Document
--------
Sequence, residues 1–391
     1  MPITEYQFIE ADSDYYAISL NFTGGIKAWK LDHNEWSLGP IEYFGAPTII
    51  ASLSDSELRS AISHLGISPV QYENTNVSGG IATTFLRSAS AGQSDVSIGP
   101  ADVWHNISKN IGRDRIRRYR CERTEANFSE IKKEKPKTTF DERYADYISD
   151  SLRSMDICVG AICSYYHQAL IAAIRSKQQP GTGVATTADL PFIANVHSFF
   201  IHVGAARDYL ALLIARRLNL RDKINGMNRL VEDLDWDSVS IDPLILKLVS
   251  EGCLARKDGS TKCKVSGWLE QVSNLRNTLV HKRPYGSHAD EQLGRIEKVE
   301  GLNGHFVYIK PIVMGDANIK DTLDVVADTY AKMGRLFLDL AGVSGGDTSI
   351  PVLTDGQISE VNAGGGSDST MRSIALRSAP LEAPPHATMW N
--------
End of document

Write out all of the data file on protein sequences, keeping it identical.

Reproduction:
Sequence, residues 1–391
     1  MPITEYQFIE ADSDYYAISL NFTGGIKAWK LDHNEWSLGP IEYFGAPTII
    51  ASLSDSELRS AISHLGISPV QYENTNVSGG IATTFLRSAS AGQSDVSIGP
   101  ADVWHNISKN IGRDRIRRYR CERTEANFSE IKKEKPKTTF DERYADYISD
   151  SLRSMDICVG AICSYYHQAL IAAIRSKQQP GTGVATTADL PFIANVHSFF
   201  IHVGAARDYL ALLIARRLNL RDKINGMNRL VEDLDWDSVS IDPLILKLVS
   251  EGCLARKDGS TKCKVSGWLE QVSNLRNTLV HKRPYGSHAD EQLGRIEKVE
   301  GLNGHFVYIK PIVMGDANIK DTLDVVADTY AKMGRLFLDL AGVSGGDTSI
   351  PVLTDGQISE VNAGGGSDST MRSIALRSAP LEAPPHATMW N